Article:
Fake News

How to spot fake news...

  • Fake News Symbaloo provides links to sites that fact check current news and events.

     

    Leading up to the 2016 US presidential election, fabricated campaign-related news stories received more attention than news from traditional outlets.  Since the election, fake news has continued to dominate.  It is intended to both shape public opinion and make advertisers rich.  How can you make sure the news you are listening to, reading and sharing is accurate.  How can you outsmart those who are trying to take advantage of you?  How can you tell fact from fiction?  There are a few steps you can take to determine the accuracy of your source.  (School Library Journal, Jan 2017)

     

    The CARS method is one way to test a source.  Is the source credible? Accurate? Reasonable? Can the story be supported by other sources?  

     

    You should ask yourself;

    Who is the Author/Producer/Creator of the message?  

    Who is the intended audience?

    What techniques are being used to get our attention and to make a message believable?  

    Who benefits from the message?  

    Who or what is omitted and why?

     

    Common Sense Media has a great article on learning tricks to spot fake news. Here are just a few of the tricks.

    • Look for unusual URLs or site names, including those that end with ".co" -- these are often trying to appear like legitimate news sites, but they aren't.

    • Look for signs of low quality, such as words in all caps, headlines with glaring grammatical errors, bold claims with no sources, and sensationalist images (women in bikinis are popular clickbait on fake news sites). These are clues that you should be skeptical of the source.

    • Check a site's "About Us" section. Find out who supports the site or who is associated with it. If this information doesn't exist -- and if the site requires that you register before you can learn anything about its backers -- you have to wonder why they aren't being transparent.

    • Check Snopes, Wikipedia, and Google before trusting or sharing news that seems too good (or bad) to be true.

    • Consider whether other credible, mainstream news outlets are reporting the same news. If they're not, it doesn't mean it's not true, but it does mean you should dig deeper.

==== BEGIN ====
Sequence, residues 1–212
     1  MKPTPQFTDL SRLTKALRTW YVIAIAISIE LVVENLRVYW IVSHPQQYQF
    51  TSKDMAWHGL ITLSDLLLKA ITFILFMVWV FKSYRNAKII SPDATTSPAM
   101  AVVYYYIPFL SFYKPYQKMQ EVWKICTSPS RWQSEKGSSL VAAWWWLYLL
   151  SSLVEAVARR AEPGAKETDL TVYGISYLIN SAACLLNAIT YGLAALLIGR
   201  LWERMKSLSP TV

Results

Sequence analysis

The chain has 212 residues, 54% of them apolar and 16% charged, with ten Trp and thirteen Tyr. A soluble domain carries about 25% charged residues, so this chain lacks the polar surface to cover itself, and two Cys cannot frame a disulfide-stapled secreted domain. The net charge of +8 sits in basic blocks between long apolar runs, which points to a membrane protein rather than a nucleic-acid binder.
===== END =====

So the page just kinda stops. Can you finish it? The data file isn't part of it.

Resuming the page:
• Check your emotions. Clickbait and fake news strive for extreme reactions. If the news you're reading makes you really angry or super smug, it could be a sign that you're being played. Check multiple sources before trusting.

    (Thanks to Professor Melissa Zimdars of Merrimack College for some of these tips.)



    For extensive information on fake news and how to spot it, visit The Media Clearinghouse.  Frank Baker, is a consultant to the National Council of Teachers of English, educational leader, and is the author of his Nationally Recognized Media Literacy Resource Website.  This site is an education in the strategies you can use to combat fake news.  It teaches you to be a wise consumer of information.

     

    Truth, truthiness, triangulation: A news literacy toolkit for a “post-truth” worldby Joyce Valenza is  a great resource for understanding the complexity of fake news.  It is about shaping public opinion and making advertising dollars.  If a headline or a picture can get you to click on it, the advertiser makes money.  It is incentive for the wildest heading or craziest image.  Whatever it takes to draw you in.  

     

    Use FactCheck.org, Politifact.com and snopes.com to determine the truth and accuracy of the news stories you are hearing and reading.  Use these sites to learn the actual facts of the issue and how they are being distorted….or not...

     

    Take the time to learn how to be a wise consumer of information.